The Autumnal Equinox and Harvest Moon, 2022

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The Full Harvest Moon, 2022, well placed on the meridian at 12:44 AM, EDT. Flanking it to its east and west respectively, are Jupiter and Saturn.

I gazed at the full moon,
hanging low and bright oe’r the trees last night,
warm and inviting on that September night.

The Vernal and Autumnal Equinoxes are two days during the year with 12 equal hours of daylight and darkness. The Vernal Equinox heralds the beginning of Spring and the Autumnal Equinox, Autumn.

The Autumnal Equinox for this year occurs Friday, September 23, 2022, 1:03 UTC (Thursday, September 22, 2022 at 9:03 pm EDT). Many astronomical dates throughout the year can be found here.

What does the ‘Beginning of Spring’ or the ‘Beginning of Fall’ actually mean and what’s so special about these dates?

The changes we normally associate with the start of a new season are climactic such as changes in temperature or weather. So, what does the ‘Beginning of Spring’ or ‘Beginning of Autumn’ actually mean? To answer that we’ll have to consider the astronomical year in its totality and the other two significant dates during the year, the Summer and Winter solstices. Those events represent the points during the year when the sun is at its  highest and lowest points on the sky respectively.

The sun at its highest point during the third week in June (June 20-22) in the northern hemisphere represents the ‘beginning of summer’. The sun is at its lowest point during the third week in December (December 20-22) in the northern hemisphere represents the ‘beginning of winter’. The two Equinoxes occur when the sun crosses the Celestial Equator at the midpoint between these highest and lowest points. The Celestial Equator represents the projection of the Earth’s equator on the sky.

It should be noted that the southern hemisphere experiences the same seasons but at opposite times during the year. Summer in Australia occurs during December and January while Winter occurs during June and July.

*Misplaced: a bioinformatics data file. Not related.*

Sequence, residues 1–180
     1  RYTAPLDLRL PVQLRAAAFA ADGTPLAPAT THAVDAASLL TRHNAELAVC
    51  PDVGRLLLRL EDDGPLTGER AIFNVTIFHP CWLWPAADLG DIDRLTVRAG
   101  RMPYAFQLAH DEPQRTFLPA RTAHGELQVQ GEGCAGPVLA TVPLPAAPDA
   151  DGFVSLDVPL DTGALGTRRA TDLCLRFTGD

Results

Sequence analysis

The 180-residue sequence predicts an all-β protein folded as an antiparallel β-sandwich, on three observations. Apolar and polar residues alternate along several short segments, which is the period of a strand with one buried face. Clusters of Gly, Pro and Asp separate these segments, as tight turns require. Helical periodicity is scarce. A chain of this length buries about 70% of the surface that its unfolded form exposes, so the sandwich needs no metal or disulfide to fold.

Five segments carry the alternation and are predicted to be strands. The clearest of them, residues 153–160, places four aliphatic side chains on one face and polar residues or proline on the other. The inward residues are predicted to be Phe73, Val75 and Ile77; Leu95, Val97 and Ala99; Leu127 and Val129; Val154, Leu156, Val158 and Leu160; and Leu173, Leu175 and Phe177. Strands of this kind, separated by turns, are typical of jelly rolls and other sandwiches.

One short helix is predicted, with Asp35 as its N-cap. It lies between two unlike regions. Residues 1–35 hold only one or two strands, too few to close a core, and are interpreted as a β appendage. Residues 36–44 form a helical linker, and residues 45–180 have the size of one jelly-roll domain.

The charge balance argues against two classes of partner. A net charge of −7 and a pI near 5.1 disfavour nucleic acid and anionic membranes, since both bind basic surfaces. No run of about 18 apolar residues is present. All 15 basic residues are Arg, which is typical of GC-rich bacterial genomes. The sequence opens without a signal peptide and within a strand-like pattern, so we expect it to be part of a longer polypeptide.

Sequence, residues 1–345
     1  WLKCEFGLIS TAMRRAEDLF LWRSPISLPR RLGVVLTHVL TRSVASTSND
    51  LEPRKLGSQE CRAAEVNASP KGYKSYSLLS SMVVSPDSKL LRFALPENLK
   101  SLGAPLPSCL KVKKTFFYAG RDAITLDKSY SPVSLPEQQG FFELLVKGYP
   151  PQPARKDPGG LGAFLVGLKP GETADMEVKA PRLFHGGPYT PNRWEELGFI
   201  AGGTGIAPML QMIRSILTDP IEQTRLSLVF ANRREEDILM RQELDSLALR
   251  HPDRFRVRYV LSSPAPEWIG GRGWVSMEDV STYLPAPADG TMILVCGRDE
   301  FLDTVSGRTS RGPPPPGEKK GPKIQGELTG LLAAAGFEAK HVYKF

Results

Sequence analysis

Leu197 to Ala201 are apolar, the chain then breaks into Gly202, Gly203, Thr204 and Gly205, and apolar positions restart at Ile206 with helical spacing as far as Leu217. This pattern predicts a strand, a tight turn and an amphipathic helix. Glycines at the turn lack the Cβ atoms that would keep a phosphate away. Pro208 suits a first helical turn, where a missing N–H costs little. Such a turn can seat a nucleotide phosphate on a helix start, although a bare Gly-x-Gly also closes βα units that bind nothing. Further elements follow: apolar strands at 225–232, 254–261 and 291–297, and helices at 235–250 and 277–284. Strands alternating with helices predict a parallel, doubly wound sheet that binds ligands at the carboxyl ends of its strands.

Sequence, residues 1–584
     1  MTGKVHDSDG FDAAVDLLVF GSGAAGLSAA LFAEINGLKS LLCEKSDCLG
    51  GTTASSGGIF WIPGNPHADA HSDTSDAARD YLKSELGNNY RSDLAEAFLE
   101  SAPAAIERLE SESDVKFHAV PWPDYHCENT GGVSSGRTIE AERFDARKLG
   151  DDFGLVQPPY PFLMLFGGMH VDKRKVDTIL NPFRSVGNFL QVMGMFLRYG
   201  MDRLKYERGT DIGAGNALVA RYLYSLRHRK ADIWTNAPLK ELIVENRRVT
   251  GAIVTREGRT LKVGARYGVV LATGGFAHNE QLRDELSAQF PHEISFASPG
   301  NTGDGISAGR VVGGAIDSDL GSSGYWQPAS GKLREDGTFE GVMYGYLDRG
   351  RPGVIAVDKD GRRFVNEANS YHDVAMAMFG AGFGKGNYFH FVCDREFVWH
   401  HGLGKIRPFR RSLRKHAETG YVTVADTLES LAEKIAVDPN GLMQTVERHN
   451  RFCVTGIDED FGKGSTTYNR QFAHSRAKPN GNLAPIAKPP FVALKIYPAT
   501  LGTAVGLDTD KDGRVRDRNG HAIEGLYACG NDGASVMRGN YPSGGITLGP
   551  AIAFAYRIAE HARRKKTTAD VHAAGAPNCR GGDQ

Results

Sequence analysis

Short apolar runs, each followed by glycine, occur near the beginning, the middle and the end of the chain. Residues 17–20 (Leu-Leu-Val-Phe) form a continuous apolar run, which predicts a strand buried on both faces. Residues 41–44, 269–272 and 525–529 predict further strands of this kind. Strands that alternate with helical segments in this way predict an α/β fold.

The Astronomical Beginning of Spring or Autumn are conventions, marking the first and second point respectively since the beginning of the year when the sun crosses the Celestial Equator.

The Vernal Equinox in March marks the first time there are 12 equal hours of daylight and darkness. Similarly, the Autumnal Equinox, occurring during the third week of September, marks the 2nd and final time during the year when there are equal hours of daylight and darkness.

What Happens During the Equinoxes?

12 equal hours of daylight and darkness.
The opposite seasons begins for our friends in the Southern Hemisphere.
The sun rises due east and sets due west at any point on the planet.
The sun’s elevation above the nearest horizon (southern horizon for Northern Hemisphere observers and northern horizon for Southern Hemisphere observers) is exactly equal to the compliment of their latitude; for example, if your latitude is +40 (40 degrees north latitude), the elevation of the sun would be 50 degrees above the southern horizon.

The Harvest Moon

Harvest Moon Oil Painting, image credit: The Farmer’s Almanac

The full moon nearest to the Autumnal Equinox is known as the “Harvest Moon”. This year, that occurred Saturday, September 10 at 9:59 AM (UTC), 5:59 AM (EDT).

Before the invention of the electric light, the light of the full moon gave aid to the farmers of old, extending the time during which they could harvest their crops. Rarely, the Harvest Moon occurs during October but when it does, the September full Moon is also known as the Full Corn Moon as it corresponds with the corn harvest. This moon is also known as the Barley Moon, corresponding to the barley harvest.

For moon fans, the month begins and ends with a New Moon. The Full Moon occurs precisely between each new moon on the 16th day. For additional details, a full lunar calendar and the lore behind each month’s Full Moon, please visit the Farmers Almanac.

Featured image: Full Harvest Moon, September 26, 2007:

Full Harvest Moon by the author, September 26, 2007. 15 cm F/4.2 astrograph.

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